Concerns about another housing market bubble and its effect on New Zealand's debt levels have sparked another ratings agency to downgrade its outlook on the country.

Fitch Ratings yesterday maintained its AA+ rating on New Zealand but downgraded its outlook from stable to negative, sending the New Zealand dollar to its lowest point in two weeks.

The dollar closed at US63.9c yesterday, down from US64.63c in a move that currency traders called a knee-jerk reaction.

New Zealand was put on negative credit watch by Standard & Poor's earlier this year over concerns about the current account deficit but it was lifted back to stable after the May Budget.

Yesterday Fitch said it was concerned by the size of the nation's current account deficit.

"A stronger fiscal adjustment than currently planned may be required to raise national savings and reduce the current account deficit, as well as structural reforms to improve productivity."

It also warned New Zealand could fall into a low-growth trap as foreigners demand higher returns to incentivise them to continue to lend to New Zealand so it can consume more than it produces, gradually eroding New Zealand's fundamental credit strengths, including strong public finances, and rendering it more vulnerable to future adverse shocks.

Goldman Sachs JBWere strategist Bernard Doyle said the negative outlook was unexpected, yet unsurprising.

"The New Zealand economy is treading a fine path between a relatively healthy fiscal position (vs peers, if not in absolute terms) and external debt deterioration that is yet to stabilise. It is the latter that Fitch has [emphasised]."

BNZ senior economist Craig Ebert said it was a reminder of some of the broad imbalances that could remain in the economy.

"Even if we do get some growth emerging in the next year or two, the composition might be all round the wrong way, and this is where the currency is quite a big issue. If you believe that global news is going to get better, the currency is going to keep edging up. It might be in over-valued territory.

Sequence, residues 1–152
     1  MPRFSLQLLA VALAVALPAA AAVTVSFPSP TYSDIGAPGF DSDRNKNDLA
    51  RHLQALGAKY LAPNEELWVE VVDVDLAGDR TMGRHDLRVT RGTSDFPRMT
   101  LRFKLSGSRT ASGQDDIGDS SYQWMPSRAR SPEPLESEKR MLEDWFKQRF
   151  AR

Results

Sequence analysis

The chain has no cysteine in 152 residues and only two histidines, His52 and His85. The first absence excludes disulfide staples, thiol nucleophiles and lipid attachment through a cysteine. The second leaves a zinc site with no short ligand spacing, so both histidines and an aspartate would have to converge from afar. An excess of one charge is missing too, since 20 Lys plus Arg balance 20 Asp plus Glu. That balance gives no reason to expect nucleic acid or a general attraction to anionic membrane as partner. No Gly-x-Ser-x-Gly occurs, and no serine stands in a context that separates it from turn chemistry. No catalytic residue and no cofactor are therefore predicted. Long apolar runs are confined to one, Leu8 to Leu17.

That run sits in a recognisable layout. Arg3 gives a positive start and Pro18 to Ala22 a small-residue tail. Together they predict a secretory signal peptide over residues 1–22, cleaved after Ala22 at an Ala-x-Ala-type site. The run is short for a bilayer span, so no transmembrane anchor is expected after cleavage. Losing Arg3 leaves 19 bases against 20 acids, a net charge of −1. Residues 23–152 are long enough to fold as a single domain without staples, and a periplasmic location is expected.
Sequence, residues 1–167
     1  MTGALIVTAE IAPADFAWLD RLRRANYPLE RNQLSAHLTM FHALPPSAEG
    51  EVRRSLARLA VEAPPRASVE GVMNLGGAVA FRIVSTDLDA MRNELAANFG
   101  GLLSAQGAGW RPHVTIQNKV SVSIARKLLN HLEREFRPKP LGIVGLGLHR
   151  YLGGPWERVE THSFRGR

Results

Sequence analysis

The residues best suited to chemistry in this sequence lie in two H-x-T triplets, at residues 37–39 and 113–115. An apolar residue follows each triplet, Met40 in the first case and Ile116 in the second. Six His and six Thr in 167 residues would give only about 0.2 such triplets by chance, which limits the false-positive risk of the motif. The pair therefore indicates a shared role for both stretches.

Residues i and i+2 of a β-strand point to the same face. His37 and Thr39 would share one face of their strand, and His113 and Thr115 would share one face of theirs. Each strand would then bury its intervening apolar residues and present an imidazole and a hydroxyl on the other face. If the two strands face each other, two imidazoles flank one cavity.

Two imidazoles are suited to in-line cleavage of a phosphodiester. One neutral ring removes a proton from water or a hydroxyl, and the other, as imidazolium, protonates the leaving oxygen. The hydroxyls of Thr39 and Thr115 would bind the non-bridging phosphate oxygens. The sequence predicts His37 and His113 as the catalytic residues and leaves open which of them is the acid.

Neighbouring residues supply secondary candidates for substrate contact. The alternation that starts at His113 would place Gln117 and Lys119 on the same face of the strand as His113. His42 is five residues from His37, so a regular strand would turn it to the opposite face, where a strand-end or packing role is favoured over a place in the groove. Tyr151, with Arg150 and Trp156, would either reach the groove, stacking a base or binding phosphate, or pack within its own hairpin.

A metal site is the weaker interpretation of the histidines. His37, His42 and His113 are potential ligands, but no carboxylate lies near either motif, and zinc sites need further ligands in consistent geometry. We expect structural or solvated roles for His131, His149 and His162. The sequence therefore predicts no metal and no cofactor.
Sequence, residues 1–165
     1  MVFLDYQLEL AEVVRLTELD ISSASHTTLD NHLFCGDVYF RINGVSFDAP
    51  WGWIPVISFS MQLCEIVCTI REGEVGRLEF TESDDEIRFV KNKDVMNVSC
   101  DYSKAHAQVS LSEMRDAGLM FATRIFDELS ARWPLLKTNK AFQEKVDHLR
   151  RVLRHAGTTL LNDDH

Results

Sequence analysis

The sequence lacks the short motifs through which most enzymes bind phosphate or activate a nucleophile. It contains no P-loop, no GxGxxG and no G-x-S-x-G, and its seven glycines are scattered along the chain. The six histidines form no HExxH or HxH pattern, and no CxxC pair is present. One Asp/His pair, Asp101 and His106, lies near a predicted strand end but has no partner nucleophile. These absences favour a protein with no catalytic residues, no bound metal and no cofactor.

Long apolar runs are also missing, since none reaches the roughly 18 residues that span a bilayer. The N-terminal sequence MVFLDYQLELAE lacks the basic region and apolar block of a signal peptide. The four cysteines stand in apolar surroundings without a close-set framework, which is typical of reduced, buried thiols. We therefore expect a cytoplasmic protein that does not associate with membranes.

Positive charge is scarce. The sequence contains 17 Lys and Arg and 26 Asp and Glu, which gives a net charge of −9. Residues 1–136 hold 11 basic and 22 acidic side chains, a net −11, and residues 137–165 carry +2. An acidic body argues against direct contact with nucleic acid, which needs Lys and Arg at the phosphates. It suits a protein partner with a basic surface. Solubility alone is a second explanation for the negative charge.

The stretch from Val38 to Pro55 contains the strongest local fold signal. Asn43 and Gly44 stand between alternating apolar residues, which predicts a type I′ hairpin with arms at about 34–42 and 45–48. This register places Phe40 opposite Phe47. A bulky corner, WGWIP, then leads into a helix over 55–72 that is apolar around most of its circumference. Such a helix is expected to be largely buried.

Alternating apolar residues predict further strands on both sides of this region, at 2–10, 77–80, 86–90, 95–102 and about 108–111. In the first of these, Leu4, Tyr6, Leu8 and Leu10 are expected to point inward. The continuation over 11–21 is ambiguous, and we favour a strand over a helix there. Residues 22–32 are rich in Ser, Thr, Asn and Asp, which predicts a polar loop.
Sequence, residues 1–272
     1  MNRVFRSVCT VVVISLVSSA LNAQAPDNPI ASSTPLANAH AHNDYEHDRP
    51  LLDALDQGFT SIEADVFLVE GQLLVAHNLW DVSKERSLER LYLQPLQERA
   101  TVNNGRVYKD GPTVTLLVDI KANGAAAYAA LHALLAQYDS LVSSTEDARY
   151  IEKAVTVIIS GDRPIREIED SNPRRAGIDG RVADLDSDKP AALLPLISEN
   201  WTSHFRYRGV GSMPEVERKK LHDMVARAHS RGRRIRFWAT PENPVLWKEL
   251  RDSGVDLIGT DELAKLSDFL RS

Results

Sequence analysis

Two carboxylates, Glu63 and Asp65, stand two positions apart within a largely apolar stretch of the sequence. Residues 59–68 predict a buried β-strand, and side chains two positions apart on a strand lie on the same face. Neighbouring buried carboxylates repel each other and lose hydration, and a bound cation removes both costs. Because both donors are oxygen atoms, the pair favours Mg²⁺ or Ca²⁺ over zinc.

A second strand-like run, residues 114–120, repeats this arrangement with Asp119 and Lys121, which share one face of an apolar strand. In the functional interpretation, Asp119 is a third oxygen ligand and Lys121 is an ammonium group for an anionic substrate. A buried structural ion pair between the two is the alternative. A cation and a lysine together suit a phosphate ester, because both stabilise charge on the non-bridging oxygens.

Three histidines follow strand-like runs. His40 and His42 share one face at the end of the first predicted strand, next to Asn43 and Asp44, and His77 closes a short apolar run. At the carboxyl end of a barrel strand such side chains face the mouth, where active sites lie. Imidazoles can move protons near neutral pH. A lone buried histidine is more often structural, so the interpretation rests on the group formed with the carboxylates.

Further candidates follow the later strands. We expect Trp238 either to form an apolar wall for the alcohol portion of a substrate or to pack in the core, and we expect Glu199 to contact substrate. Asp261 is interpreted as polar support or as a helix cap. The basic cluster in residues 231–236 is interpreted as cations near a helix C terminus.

"There is a chance the world gets carried away with itself, the currency rises on the back of it and we essentially shut our export sector out of any recovery and we have to rely therefore on domestic demand, consumers and housing to fill the gap. That's all the wrong way round."

ASB economist Chris Tennent-Brown said the Fitch rating would likely remain negative as long as people continued to spend money on housing.

"We need to see business investment and more saving. Otherwise we will be stuck as a highly indebted society with a low growth rate."

Japanese bond and currency dealer Tsutomu Soma warned the downward revision may spark investor worries over whether the nation can emerge from recession.

"That could cause selling of commodity currencies, particularly the kiwi."

HOW WE RATE

Long-term sovereign credit ratings

* Standard & Poor's - AA+ stable
* Moody's - AAA stable
* Fitch - AA+ negative